Altered topological patterns of brain functional networks in Crohn’s disease
Crohn’s disease (CD) has been reported to relate with the functional and structural alterations in several local brain regions. However, it remains unknown whether the possible abnormalities of information transmission and integration between brain regions are associated with CD. The purpose of this study was to investigate the topological alterations of brain functional networks and the potential relationships between the neuroimaging findings and CD clinical characteristics. 43 remissive CD patients and 37 matched healthy controls (HCs) were recruited to obtain their resting-state functional magnetic resonance imaging (fMRI) data. Independent component analysis was applied to decompose fMRI data for building brain functional networks. The local and global topological properties of networks and connectivity of brain regions were computed within each group. We then examined the relationships between the topological patterns and CD clinical characteristics. Compared to HCs, CD patients exhibited disrupted local and global topological patterns of brain functional networks including the decreased nodal graph metrics in the subcortical, sensorimotor, cognitive control and default-mode networks and dysfunctional interactions within and among these four networks. The connectivity strength of putamen negatively correlated with CD duration in patients. Moreover, CD patients with high level of anxiety and/or depression had altered local topological patterns associated with anterior cingulate cortex (ACC), medial prefrontal cortex (mPFC) and posterior cingulate cortex (PCC) compared to other patients. By revealing CD-related changes in topological patterns of brain functional networks, our findings provide further neuroimaging evidence on the pathophysiology of CD involved in pain, sensory, emotional and/or cognitive processing.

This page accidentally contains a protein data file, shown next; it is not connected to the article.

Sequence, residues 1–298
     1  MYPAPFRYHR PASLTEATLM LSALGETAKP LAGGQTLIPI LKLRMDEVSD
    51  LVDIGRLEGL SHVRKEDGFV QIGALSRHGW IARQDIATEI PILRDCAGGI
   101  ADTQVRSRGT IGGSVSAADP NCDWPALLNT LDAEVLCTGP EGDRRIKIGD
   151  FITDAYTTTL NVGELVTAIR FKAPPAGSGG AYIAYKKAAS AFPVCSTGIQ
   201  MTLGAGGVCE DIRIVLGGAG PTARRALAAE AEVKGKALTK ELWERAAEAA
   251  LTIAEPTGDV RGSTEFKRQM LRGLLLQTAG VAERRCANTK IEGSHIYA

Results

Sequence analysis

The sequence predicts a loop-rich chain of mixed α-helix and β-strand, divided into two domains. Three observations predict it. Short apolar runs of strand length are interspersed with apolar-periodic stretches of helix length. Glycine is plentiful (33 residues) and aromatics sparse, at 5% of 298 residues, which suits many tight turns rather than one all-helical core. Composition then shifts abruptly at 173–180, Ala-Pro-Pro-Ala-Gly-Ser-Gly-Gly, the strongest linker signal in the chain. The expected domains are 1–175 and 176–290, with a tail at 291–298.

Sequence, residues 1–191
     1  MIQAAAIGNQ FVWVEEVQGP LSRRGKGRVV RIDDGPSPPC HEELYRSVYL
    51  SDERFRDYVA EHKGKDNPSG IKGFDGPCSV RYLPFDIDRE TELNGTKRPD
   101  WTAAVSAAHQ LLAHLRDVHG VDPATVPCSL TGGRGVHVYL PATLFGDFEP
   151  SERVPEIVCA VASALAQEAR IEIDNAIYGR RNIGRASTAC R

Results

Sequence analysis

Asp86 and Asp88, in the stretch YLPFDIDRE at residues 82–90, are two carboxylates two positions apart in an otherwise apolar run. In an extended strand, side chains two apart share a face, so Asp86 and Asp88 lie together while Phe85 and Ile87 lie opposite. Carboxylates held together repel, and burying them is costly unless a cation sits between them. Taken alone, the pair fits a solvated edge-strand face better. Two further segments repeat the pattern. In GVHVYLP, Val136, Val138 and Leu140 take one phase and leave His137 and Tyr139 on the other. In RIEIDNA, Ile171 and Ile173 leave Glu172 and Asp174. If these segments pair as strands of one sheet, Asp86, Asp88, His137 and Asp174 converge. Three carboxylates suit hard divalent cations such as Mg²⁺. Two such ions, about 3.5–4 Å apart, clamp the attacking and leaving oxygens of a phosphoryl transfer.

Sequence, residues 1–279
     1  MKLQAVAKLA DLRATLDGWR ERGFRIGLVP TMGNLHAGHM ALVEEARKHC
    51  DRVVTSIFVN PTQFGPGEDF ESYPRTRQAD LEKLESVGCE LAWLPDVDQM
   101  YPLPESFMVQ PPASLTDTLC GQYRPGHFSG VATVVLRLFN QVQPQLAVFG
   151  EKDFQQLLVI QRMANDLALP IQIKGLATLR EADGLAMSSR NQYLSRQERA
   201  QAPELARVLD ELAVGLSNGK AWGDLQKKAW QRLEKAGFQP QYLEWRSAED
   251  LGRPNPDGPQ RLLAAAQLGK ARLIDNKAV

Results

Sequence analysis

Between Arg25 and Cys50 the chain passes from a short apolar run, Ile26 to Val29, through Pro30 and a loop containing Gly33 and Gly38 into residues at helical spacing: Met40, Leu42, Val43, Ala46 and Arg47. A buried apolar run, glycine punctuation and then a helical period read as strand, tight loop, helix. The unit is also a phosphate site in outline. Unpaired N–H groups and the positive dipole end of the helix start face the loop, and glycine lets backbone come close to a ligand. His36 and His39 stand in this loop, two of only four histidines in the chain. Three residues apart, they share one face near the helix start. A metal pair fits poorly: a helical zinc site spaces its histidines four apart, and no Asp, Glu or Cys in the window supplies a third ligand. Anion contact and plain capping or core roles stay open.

KeywordsBrain functional network Topological alterations Crohn’s disease Magnetic resonance imaging
This study was supported by the National Natural Science Foundation of China under Grant Nos. 81,471,738, 81,771,918, 81,471,811, and the National Basic Research Program of China, Nos. 2009CB522900, 2015CB554501, 2014CB543203 and 2015CB856403, and the Fundamental Research Funds for the Central Universities.
Compliance with ethical standards
Conflict of interest
The authors declare no competing financial interests.
All procedures performed in the present study were in accordance with the Declaration of Helsinki and were approved by the local hospital subcommittee on human studies. All participants signed informed consent forms prior to the investigation. The methods of this study were conducted in accordance with the approved guidelines.
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